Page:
General Power of Attorney (PoA)
You may be abroad but need someone to look after your financial and legal affairs at home for you (such as buying or selling property), or you may need someone to help with a specific task (such as collecting a pension) or you may just prefer someone more expert in a certain subject area (such as law) to act on your behalf in a certain matter.
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About this document
This type of document (abbreviated to PoA) allows you to give temporary authority to someone else to make decisions and act as if he or she were you.
It is intended to be used while you have mental capacity (and could carry out the action yourself), except that location or time may prevent you from acting.
As the giver you are the “donor” of the power and the receiver becomes your “attorney”. The actions that your attorney may take for you can be as general or specific as you like and may relate to one part or all of your affairs.
The document specifies both the powers that you grant and the time period during which the attorney has those powers. After the time has elapsed, the attorney;s powers end.
One of the features of a PoA is that it created for a defined period of time. It is not indefinite. It becomes effective as soon as it is signed (or otherwise if you specify in the document). You could draft it now for use later.
If you need to cancel it (called revoking in legal jargon) before the expiry date in the document, you can use a document called a deed of revocation to do so. It will automatically be revoked if the donor loses mental capacity.
When to use this document
You can grant powers if you are over 18 years of age and have mental capacity. The attorney must also be over 18 years old and not be an undischarged or interim bankrupt.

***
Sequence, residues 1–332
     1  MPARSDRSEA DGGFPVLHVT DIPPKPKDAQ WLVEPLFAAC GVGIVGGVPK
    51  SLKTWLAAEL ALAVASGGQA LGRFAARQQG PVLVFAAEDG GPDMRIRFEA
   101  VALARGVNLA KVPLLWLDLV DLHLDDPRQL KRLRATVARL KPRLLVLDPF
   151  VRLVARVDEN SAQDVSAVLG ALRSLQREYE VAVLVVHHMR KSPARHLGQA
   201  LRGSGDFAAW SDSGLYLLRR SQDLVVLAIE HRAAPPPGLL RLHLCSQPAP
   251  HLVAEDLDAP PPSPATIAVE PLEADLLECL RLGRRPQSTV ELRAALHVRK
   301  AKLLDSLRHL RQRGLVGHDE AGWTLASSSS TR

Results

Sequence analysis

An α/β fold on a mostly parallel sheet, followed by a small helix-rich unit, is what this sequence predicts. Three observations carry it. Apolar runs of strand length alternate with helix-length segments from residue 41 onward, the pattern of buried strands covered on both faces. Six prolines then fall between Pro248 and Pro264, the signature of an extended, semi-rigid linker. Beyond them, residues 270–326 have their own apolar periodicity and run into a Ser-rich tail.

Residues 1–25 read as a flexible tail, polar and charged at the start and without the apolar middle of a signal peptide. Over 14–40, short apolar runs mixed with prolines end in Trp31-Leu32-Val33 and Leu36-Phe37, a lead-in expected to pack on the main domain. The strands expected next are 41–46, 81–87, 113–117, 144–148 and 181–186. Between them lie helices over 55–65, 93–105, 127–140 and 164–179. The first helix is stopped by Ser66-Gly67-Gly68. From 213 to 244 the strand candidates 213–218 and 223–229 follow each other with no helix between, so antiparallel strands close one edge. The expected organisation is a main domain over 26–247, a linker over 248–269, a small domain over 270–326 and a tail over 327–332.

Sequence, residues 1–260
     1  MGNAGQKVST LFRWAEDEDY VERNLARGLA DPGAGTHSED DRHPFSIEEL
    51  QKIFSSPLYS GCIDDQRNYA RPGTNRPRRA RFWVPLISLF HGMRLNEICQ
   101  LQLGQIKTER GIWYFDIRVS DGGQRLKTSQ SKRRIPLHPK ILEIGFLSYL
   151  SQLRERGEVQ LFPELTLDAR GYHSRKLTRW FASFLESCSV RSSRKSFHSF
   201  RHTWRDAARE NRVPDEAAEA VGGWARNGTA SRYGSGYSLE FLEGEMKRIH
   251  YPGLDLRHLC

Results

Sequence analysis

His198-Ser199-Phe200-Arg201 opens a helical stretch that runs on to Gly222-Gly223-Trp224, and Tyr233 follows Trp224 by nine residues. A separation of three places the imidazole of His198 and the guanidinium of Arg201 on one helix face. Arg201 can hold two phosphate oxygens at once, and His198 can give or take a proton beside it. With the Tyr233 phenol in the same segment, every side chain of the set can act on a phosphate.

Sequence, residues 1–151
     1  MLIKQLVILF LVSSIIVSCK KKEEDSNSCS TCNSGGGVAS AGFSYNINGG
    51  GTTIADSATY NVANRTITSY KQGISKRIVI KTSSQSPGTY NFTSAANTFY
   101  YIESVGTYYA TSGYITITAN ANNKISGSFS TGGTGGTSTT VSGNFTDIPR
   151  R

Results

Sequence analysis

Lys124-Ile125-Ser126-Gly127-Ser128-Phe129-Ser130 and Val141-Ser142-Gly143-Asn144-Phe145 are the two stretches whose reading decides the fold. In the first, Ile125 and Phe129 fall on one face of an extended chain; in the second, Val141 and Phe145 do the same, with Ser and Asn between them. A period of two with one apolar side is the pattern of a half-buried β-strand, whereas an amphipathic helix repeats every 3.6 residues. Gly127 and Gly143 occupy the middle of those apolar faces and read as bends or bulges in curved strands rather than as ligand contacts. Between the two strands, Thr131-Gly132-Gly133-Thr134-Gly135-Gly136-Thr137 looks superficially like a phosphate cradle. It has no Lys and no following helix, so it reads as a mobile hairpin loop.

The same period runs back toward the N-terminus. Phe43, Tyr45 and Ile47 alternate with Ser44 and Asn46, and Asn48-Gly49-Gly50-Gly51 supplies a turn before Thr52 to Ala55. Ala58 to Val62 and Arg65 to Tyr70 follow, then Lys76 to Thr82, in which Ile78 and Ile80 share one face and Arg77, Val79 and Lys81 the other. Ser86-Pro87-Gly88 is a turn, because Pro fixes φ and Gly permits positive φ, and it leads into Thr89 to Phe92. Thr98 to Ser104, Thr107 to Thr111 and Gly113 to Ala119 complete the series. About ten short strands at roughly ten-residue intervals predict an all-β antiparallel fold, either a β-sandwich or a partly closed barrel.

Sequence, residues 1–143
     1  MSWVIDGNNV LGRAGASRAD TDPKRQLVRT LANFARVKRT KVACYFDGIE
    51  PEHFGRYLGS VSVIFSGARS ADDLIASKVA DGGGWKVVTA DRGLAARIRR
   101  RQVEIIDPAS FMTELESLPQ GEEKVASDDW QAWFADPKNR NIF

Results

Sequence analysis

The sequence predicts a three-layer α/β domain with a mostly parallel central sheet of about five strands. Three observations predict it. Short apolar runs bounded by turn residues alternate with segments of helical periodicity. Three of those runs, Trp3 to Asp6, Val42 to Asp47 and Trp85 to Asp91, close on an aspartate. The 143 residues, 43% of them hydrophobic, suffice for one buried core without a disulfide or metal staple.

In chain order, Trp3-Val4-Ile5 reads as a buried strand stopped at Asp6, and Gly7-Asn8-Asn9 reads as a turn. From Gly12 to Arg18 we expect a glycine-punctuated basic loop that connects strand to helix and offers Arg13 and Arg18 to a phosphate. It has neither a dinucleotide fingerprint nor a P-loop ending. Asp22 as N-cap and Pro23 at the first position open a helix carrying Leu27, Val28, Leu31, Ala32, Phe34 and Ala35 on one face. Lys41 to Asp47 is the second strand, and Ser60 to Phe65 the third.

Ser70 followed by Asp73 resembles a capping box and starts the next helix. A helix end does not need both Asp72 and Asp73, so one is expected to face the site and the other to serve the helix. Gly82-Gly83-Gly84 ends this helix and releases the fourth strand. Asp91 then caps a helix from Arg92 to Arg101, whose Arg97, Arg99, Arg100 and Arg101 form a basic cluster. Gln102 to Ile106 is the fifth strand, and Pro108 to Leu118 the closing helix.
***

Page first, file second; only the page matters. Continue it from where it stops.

You can only grant power to do things that you already have the right and capacity to do yourself. You can’t use it to allow the attorney to make decisions about your welfare.
Often, this type of document is used when
you are abroad but need someone to manage your financial and legal affairs at home (such as buying or selling property)
you want to allow someone to perform a specific task on a regular basis (such paying your bills in your name from your bank account each month or collecting a pension)
you want to allow someone with greater knowledge of a subject to act for you (e.g. an estate agent to negotiate buying a house)
You do not have to register this document with anyone or any organisation.
The attorney must be notified to make a revocation effective.
We have a version of this document tailored for when you wish for someone else to have power to sell your property.
Template features and contents
- Flexible to suit all situations, business or personal
- Can be used by anyone over 18 years old
- Reference to the Powers of Attorney Act 1971
This document was written by a solicitor for Net Lawman. It complies with current English law.
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